Mudrooms

March 31, 2018

If you live, or have ever lived, in a house where there’s an immediate transition from the main entrance into the living area, you know how this can make it hard to keep your house clean and organized. You often end up with a big fat mess dumped unceremoniously around the entrance — shoes, hats, coats, whatever anyone casts aside while walking through the door — as well as mud and dirt spread through the home.

In older homes, the entry from the garage often opened into a hallway or directly into the kitchen or living area. Dirt was easy to track inside, and keeping entrances clear of dirt and wet raincoats was difficult. Those few homes that did feature mud rooms only had small spaces with a couple of hooks for coats and not much else. 

Mudrooms are a common solution in rural areas, but even in suburban areas, there is often a porch or foyer that can perform that function. Wherever you live, it can be useful to create a dedicated transition zone between outside and in. 

Some families use a mudroom simply to store or clean shoes thoroughly before entering the home. On the other hand, some families use mudrooms to store shoes, coats, backpacks or hats and mittens. A family mudroom an also be used for storing items that are commonly carried out of the home. 

Modern mud rooms, however, are so much more practical. In fact, a well-designed mud room is often one of the most useful rooms in a home. Think of everything you might put in this room or space — every last thing. Consider how you and your family live, including kids and animals. They might all want to leave their stuff there. 

These are some of the things you might want to store in this space, we ask our clients these questions to determine their needs:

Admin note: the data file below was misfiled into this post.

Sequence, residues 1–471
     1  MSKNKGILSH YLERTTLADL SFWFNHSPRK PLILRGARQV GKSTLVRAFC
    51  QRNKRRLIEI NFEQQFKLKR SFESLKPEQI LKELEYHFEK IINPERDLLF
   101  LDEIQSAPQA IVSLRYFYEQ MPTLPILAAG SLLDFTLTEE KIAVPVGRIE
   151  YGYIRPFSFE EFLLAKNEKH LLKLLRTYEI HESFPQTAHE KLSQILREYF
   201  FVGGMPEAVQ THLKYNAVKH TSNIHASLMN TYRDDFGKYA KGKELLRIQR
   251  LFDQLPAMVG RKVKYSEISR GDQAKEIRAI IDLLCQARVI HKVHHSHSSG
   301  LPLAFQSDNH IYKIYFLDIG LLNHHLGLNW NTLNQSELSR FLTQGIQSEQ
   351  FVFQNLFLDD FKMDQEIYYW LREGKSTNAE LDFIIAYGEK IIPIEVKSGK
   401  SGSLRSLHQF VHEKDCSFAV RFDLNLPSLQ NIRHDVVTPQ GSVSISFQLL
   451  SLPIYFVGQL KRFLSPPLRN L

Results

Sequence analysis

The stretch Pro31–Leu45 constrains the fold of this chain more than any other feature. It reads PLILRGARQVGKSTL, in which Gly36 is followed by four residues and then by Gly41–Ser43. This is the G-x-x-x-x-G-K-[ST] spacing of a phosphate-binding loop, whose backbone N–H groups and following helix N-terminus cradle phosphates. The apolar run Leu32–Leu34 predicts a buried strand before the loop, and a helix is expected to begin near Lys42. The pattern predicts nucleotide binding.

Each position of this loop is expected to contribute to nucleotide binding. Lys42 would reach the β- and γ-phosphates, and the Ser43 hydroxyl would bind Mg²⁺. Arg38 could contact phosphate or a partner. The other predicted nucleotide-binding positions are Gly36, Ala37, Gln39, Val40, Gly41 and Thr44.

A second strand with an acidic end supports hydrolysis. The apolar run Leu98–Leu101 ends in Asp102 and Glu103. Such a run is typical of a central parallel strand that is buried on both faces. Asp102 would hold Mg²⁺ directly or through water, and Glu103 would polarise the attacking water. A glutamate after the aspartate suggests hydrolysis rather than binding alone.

• How will you be using this area?  Will you be storing coats, gloves, hats, shoes, boots, briefcase, purse or other?

  • Storage area for sports equipment. If so, will you be storing tennis racquets, bike helmet, biking shoes, ski boots, baseball bats and balls, footballs, basketballs, snow skis, snow shoes, or other?

  • Storage for music instruments, many kids participate in band, or other extracurricular activities, do you want all of this paraphernalia to be scattered in your home, or would you prefer a dedicated resting place. 

  • Golfing equipment?

  • Hunting gear some households have hunters!

  • Fishing gear?

  • Storage for horse riding equipment? 

  • Gardening hats, gloves, or clothing?

  • Outgoing mail and outgoing item area?

  • Dry cleaning area if you have home pickup and delivery.

  • Laundry basket or dirty shoe basket?

  • Keys, remotes, cellphones, charging stations?

  • Water dispenser so children do not have to come all the way into the house for a sip of water

  • Bathroom off the mud room?

  • Recycle bins?

  • Family message center?

  • Dog bed area?

  • Pet Shower?

  • Dog food/item storage?   

  • Cat litter box?

  • Cat playroom?                                                             

To meet the needs above, which of the following items will you need and what kind of storage do you want to use:

  • Individual lockers or cabinets for each member of the household

  • Cubby holes for each member of the household.

  • Open shelves

  • Drawers

  • Coat hooks for each member of the household

  • Hooks for key, dog leashes

  • Blackboard, bulletin board or wall board for family messages

  • Chair or bench to sit in when removing shoes

  • Cabinet for dog food or cat food

  • Doggy door

  • Area for cat litter box

  • Room or area for cat to play

  • Umbrella stand or hooks

  • Cubby, drawer, or cabinet for beach towel and beach items

  • Bins for separating recyclable items

Unlike a front entry, seen by all and used by guests, the mudroom is usually a home's secondary entrance. ... It's a hardworking space — even the tiniest of mudrooms is helpful for keeping the house clean and organized and the family efficient. When building or remodeling it could be one of the best ideas you may want to consider. 

 

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